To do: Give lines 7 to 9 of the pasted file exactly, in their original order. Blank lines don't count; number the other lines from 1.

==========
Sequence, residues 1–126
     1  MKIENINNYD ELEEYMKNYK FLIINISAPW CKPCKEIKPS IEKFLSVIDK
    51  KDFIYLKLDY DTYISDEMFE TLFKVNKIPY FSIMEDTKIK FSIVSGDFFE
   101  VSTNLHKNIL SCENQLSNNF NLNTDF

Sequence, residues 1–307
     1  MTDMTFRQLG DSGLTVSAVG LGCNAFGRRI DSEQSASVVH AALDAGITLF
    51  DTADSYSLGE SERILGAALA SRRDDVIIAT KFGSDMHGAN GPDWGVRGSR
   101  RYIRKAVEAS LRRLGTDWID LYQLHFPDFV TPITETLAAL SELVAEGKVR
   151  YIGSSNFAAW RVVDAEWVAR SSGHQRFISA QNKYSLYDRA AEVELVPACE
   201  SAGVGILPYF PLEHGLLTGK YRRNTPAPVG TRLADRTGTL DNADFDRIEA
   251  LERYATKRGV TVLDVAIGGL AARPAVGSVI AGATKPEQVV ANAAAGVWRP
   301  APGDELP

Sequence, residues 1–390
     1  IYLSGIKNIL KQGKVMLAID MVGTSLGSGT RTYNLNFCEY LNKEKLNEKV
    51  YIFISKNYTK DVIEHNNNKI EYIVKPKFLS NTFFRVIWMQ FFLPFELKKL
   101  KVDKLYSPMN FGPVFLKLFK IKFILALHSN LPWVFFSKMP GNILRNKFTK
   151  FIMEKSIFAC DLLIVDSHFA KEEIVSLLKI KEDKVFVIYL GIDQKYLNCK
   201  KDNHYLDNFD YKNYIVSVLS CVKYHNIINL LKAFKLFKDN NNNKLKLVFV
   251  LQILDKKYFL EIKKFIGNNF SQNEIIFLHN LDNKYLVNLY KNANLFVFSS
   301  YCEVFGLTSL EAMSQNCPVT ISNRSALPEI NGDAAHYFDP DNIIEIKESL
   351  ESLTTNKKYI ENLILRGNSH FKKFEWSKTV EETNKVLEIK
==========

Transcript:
    51  DTADSYSLGE SERILGAALA SRRDDVIIAT KFGSDMHGAN GPDWGVRGSR
   101  RYIRKAVEAS LRRLGTDWID LYQLHFPDFV TPITETLAAL SELVAEGKVR
   151  YIGSSNFAAW RVVDAEWVAR SSGHQRFISA QNKYSLYDRA AEVELVPACE